¶ 11. In June 2006, mother filed a motion seeking relief from the judgment of contempt and recognition of the Canadian custody order in furtherance of the interests of justice and the best interests of the child, pursuant to Vermont Rule of Civil Procedure 60(b)(6).5 The trial court denied the motion, observing that mother had failed to appeal either the 2002 judgment of contempt or the 2006 denial of her motion to dismiss, and that Rule 60(b) was not a substitute for timely appeal. The court also declined to recognize the Canadian family court judgment, ruling that it could not determine from the Canadian orders-which were in French-whether Canada had properly exercised jurisdiction. Mother moved to reconsider, pointing out that, in fact, she had previously submitted English translations. The court denied this motion as well, finding that it remained unable to determine whether the Canadian court had properly exercised jurisdiction. This appeal followed.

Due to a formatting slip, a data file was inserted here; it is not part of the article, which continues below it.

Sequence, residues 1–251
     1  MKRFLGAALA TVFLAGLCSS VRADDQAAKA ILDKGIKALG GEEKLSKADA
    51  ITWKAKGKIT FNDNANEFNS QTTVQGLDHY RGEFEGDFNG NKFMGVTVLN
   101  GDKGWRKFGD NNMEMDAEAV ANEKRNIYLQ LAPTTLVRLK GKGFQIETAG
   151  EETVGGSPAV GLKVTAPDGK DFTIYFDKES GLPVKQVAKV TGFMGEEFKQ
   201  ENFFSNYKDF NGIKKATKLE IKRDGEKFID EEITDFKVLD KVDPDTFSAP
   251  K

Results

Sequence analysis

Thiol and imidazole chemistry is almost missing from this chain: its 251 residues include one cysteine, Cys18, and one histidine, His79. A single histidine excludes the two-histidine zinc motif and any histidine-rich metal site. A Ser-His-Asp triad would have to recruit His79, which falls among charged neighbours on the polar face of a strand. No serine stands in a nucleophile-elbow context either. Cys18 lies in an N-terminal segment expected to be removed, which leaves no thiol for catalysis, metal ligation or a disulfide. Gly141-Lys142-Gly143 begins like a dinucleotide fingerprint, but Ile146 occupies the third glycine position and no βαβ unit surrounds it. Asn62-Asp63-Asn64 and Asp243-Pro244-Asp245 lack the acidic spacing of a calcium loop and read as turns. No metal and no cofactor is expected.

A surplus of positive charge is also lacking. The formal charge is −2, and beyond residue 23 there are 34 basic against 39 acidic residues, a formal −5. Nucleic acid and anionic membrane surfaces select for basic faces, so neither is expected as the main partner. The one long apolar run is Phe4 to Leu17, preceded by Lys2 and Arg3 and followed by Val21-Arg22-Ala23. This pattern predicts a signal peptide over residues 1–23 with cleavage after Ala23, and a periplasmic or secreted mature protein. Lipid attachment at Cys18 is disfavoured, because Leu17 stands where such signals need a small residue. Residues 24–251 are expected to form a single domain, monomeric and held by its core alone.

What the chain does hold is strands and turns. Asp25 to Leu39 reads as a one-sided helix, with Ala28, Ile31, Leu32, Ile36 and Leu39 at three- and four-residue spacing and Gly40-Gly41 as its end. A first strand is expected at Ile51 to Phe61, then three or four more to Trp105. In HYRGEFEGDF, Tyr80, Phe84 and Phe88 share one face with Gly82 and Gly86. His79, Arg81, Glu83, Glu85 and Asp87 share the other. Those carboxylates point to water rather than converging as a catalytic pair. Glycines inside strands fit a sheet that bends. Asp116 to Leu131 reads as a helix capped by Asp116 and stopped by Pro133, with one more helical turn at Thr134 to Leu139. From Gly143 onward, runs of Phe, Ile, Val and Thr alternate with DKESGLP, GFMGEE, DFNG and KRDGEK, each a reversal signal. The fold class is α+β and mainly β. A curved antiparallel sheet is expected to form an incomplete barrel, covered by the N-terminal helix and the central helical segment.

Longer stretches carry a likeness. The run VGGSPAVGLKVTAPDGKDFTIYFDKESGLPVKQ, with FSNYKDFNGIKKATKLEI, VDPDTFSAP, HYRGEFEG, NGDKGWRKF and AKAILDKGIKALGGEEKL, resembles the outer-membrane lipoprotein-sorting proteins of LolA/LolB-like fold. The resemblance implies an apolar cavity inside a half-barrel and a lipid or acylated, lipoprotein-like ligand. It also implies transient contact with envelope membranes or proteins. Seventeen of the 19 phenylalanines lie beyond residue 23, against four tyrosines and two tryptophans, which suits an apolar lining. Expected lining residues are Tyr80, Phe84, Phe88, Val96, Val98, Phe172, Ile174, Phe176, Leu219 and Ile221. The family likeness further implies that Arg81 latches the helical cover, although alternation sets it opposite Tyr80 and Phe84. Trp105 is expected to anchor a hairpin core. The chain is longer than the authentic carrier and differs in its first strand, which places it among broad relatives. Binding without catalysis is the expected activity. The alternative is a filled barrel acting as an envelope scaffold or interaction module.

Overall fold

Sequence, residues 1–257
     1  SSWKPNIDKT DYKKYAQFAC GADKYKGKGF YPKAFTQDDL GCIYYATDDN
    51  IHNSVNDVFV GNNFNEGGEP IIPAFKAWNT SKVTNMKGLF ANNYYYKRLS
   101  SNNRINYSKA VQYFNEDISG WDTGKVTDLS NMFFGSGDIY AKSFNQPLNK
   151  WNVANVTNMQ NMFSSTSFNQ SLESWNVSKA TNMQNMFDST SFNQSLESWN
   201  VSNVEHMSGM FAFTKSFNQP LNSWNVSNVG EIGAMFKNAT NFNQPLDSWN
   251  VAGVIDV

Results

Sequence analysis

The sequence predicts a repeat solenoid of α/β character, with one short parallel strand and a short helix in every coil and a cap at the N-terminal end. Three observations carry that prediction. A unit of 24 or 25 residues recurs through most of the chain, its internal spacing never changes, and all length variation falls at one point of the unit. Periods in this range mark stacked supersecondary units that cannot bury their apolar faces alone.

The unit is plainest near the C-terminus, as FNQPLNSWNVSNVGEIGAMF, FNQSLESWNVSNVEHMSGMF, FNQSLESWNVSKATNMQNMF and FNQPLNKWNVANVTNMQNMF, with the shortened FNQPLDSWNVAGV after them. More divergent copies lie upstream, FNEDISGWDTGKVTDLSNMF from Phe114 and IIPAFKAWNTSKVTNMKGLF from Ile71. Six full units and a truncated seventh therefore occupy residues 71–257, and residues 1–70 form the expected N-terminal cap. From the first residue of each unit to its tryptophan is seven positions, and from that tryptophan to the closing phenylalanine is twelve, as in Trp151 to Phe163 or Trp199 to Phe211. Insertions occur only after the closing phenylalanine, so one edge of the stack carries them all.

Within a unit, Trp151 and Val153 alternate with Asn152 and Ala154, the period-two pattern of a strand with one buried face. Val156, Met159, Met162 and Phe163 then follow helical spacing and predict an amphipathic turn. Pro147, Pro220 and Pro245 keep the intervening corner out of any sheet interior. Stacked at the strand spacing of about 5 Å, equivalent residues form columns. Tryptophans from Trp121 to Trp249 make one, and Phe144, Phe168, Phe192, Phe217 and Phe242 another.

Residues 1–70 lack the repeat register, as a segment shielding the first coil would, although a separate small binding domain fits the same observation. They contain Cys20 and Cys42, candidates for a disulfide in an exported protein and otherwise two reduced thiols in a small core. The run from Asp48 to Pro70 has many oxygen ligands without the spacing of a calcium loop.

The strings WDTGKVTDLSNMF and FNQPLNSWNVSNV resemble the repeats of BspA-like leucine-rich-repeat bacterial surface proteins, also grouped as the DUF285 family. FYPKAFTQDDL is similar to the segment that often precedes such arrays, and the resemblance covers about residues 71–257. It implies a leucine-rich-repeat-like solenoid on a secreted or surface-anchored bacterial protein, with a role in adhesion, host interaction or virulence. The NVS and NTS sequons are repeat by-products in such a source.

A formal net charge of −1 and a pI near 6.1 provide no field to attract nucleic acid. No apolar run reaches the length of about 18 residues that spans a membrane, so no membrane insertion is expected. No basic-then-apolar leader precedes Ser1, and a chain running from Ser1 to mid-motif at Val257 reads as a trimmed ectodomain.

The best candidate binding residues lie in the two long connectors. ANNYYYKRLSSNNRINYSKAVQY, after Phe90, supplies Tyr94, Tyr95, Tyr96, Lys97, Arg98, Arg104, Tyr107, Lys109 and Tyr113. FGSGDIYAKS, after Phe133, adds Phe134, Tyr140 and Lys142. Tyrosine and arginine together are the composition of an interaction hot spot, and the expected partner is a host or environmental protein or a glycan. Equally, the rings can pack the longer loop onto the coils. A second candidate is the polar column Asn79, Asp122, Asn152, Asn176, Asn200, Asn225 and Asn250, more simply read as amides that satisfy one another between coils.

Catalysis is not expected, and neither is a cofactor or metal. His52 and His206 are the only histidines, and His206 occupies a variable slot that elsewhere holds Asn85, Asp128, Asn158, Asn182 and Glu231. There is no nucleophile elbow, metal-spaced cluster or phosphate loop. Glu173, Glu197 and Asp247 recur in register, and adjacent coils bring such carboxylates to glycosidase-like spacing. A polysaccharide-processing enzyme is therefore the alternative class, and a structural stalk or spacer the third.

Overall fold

¶ 12. Although the parties focus largely on whether Canada or Vermont had jurisdiction, as explained more below the critical question-in our view-turns on which was ultimately the “more appropriate forum” to resolve this protracted dispute under the Uniform Child Custody Jurisdiction Act.6 We begin by noting the overall relevance of UCCJA principles despite the complicating presence of a foreign jurisdiction. The UCCJA expressly provides that its “general policies ․ extend to the international area,” 15 V.S.A. § 1051, and courts and commentators have consistently interpreted this provision to confer comity, or recognition, to child custody proceedings and determinations of foreign nations that meet minimal standards of due process and promote the UCCJA's fundamental goals.7 See, e.g., McFaull v. McFaull, 560 So.2d 1013, 1014 (La.Ct.App.1990) (holding that “the general policies of the UCCJA ․ extend to the international area and recognition and enforcement of custody decrees are extended to other countries if there has been reasonable notice and the opportunity to be heard”); Garg v. Garg, 163 Md.App. 546, 881 A.2d 1180, 1204 (2005) (observing that “numerous other states have concluded that the UCCJA applies to international custody disputes” and collecting cases); Ivaldi v. Ivaldi, 147 N.J. 190, 685 A.2d 1319, 1325 (1996) (“The majority of state courts that have considered the issue have held, either explicitly or implicitly, that the term ‘state’ may include a foreign nation.”); see generally D. Blair, International Application of the UCCJEA: Scrutinizing the Escape Clause, 38 Fam. L.Q. 547, 557 (2004) (observing that, with few exceptions, “courts have applied the UCCJA in a straightforward manner in international custody disputes.”); Note, American and International Responses to International Child Abductions, 16 N.Y.U. J. Int'l L. & Pol. 415, 428 (1984) (“[T]he [National Conference of Commissioners on Uniform State Law] made the UCCJA's basic policies applicable to international cases.”).